http://en.wikipedia.org/wik
i/Image:RefineryFlow.png

65
http://en.wikipedia.org/wiki/Oil_refinery
Cracking(裂解)

• Breaking down long carbon chains

• By heating & with catalysts

• e.g. CH3CH2CH2CH3 
CH2=CH2 + CH3CH3

66
Knocking of Gasoline(汽油)

• Gasoline is burnt to produce energy in a combustion engine


(e.g., of a vehicle)

• Some gasoline start to burn before they are ignited by sparks.

• This premature ignition produces a “knocking” sound. So it is


sometimes called “knocking”.

• Consequences of knocking:
power loss and engine wearing

67
http://en.wikipedia.org/wiki/Octane_rating
Octane Rating

• Different gasoline have different anti-detonation

• Octane rating: a measure of the anti-detonation (or auto-


ignition resistance) of gasoline and other fuels used in
spark-ignition internal combustion engines.

68
http://en.wikipedia.org/wiki/Octane_rating
Octane Rating
iso-octane: set at 100 n-heptane: set at 0

A mixture of iso-octane and n-heptane:


x% (by volume) in iso-octane, “octane rating”: x.

Example:
84 liters of iso-octane + 16 liters of n-heptane
84% (by volume) in iso-octane
16% (by volume) in n-heptane
Octane Rating: 84

It is found that 1-pentene has the same “knocking” property as


this mixture, so we say that the octane rating of 1-pentene is
84.
69
Octane Rating

Octane rating can be smaller than 0 and larger than 100.

e.g.,
n-octane: -10
benzene: 101
ethane: 108

Octane rating for gasoline for vehicles: 85-90.

70
http://en.wikipedia.org/wiki/Image:09-03-06-Octane.jpg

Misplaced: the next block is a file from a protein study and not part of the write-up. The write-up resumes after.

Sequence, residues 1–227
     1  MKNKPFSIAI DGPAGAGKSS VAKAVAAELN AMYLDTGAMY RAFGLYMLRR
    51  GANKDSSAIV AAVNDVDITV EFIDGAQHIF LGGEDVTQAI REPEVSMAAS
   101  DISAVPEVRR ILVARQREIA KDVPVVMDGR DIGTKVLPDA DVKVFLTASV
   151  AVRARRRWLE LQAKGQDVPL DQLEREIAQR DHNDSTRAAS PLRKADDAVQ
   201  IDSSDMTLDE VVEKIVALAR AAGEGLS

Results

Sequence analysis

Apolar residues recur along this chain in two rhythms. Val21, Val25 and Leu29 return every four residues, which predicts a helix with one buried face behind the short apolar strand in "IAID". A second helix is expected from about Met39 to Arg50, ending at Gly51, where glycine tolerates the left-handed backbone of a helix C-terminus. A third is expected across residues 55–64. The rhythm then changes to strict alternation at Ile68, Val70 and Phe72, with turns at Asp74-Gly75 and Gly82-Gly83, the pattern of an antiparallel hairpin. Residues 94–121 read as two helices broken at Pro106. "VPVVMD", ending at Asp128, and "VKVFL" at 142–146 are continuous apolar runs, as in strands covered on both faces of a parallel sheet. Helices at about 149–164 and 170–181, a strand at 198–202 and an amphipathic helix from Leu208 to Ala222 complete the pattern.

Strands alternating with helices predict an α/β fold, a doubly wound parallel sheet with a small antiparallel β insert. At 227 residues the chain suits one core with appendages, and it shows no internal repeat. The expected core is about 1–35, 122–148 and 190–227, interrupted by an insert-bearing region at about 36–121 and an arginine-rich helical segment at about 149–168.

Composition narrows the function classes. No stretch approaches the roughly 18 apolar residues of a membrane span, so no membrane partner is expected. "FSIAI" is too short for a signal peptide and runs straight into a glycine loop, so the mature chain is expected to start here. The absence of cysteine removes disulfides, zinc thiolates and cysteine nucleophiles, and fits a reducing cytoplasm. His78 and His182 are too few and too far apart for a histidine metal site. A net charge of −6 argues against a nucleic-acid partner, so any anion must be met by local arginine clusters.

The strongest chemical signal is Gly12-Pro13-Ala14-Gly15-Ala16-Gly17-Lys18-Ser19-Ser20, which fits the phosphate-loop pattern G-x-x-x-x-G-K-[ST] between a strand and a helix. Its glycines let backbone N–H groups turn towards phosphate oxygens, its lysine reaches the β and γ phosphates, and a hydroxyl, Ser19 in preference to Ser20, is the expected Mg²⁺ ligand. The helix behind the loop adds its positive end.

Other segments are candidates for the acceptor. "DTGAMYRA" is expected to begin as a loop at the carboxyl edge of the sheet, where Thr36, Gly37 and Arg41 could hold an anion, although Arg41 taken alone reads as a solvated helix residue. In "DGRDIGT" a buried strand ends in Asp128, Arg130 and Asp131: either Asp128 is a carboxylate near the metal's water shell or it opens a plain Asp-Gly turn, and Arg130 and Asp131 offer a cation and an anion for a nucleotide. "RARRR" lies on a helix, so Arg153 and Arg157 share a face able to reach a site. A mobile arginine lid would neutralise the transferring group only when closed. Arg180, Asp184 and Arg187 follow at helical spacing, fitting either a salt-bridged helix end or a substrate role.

Anti-knocking Agent
Tetra-ethyl lead (TEL):
• Added to gasoline to increase octane rating
• About 0.05% of TEL in gasoline
• Pb(CH2CH3)4, mostly covalent in nature, not containing Pb4+ and
CH2CH3–
How it works:
• Knocking causes formation of radicals, e.g., CH3, from gasoline
• Chain reaction: these radicals destroy other gasoline molecules
• Pb(CH2CH3)4  Pb(CH2CH3)3 + CH2CH3 (or Pb + 4 CH2CH3 ?)
These radicals from TEL and remove radicals from gasoline
Sometime literatures say that Pb + O2  PbO2
and the PbO2 reacts with the radicals from gasoline

Other anti-knocking agents (also called octane enhancers):


methanol & ethanol

71
Problems of Leaded Gasoline

• Lead is toxic to humans

• It poisons Rh and Pt catalysts in catalytic converters (which


convert NOx and VOC emitted from pipes of vehicles into
harmless substances)

Rh = rhodium
Pt = platinum
Both are metals with catalytic property

72
Natural Gas(天然氣)
• Formation process: similar to that of petroleum

• Components: (%)
methane (CH4): 70 – 90
ethane (C2H6): 5 – 15
propane (C3H8), butane (C4H10): < 5

CO2, N2, helium,


and hydrogen sulfide (H2S): balance

Exercise:

Find out the major natural gas producing and consuming


countries around the world.

73
Tar Sand

• Also called “oil sand” (actually more appropriate)

• A mixture of extremely heavy crude oil, sand or clay, and


water.

• Natural material, nothing to do with tar (man-made)

• Worldwide sources:
Canada, Venezuela, and USA.

74
http://en.wikipedia.org/wiki/Tar_Sands
Oil Shale(油頁岩)
• A fine-grained sedimentary rock containing significant traces
of kerogen (a solid mixture of organic chemical compounds)
that have not been buried for sufficient time to produce
conventional fossil fuels.

• When heated to a sufficiently high temperature a vapor is


driven off which can be distilled to yield a petroleum-like
shale oil, a form of non-conventional oil, and combustible
shale gas.

• Can be burnt directly as a low-grade fuel for power


generation and heating.

• Can be used as a raw material in the chemical and


construction materials industries.

• Reserve: mainly in North America

75
http://en.wikipedia.org/wiki/Oil_shale
Methane Hydrate (Methane Ice)
• Ice that contains a large amount of methane within its crystal
structure

• Total amount: 500-2500 billion tons of carbon


(carbon for all fossil fuel reserves: 5000 billion tons)

• Natural gas hydrates (NGH) vs. liquefied natural gas (LNG) in


transportation:
NGH: stable up to −20 C
LNG: stable up to −162 C
Therefore, there is some interest
in converting natural gas into NGH
rather than LNG for transportation.

76
http://en.wikipedia.org/wiki/Methane_hydrates